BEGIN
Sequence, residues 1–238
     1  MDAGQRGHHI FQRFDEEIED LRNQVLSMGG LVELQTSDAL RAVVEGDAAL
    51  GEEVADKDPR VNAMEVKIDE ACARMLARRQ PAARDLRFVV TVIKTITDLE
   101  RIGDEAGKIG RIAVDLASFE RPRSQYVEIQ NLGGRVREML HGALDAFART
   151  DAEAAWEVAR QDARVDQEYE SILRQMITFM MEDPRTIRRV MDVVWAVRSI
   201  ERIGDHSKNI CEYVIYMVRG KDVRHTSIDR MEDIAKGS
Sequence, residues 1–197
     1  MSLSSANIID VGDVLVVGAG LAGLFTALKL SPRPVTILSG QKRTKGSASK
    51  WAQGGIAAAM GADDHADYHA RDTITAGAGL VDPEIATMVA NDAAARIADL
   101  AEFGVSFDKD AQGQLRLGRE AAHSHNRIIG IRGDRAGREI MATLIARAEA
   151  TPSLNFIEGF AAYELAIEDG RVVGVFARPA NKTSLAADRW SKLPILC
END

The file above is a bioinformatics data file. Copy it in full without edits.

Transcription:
Sequence, residues 1–238
     1  MDAGQRGHHI FQRFDEEIED LRNQVLSMGG LVELQTSDAL RAVVEGDAAL
    51  GEEVADKDPR VNAMEVKIDE ACARMLARRQ PAARDLRFVV TVIKTITDLE
   101  RIGDEAGKIG RIAVDLASFE RPRSQYVEIQ NLGGRVREML HGALDAFART
   151  DAEAAWEVAR QDARVDQEYE SILRQMITFM MEDPRTIRRV MDVVWAVRSI
   201  ERIGDHSKNI CEYVIYMVRG KDVRHTSIDR MEDIAKGS
Sequence, residues 1–197
     1  MSLSSANIID VGDVLVVGAG LAGLFTALKL SPRPVTILSG QKRTKGSASK
    51  WAQGGIAAAM GADDHADYHA RDTITAGAGL VDPEIATMVA NDAAARIADL
   101  AEFGVSFDKD AQGQLRLGRE AAHSHNRIIG IRGDRAGREI MATLIARAEA
   151  TPSLNFIEGF AAYELAIEDG RVVGVFARPA NKTSLAADRW SKLPILC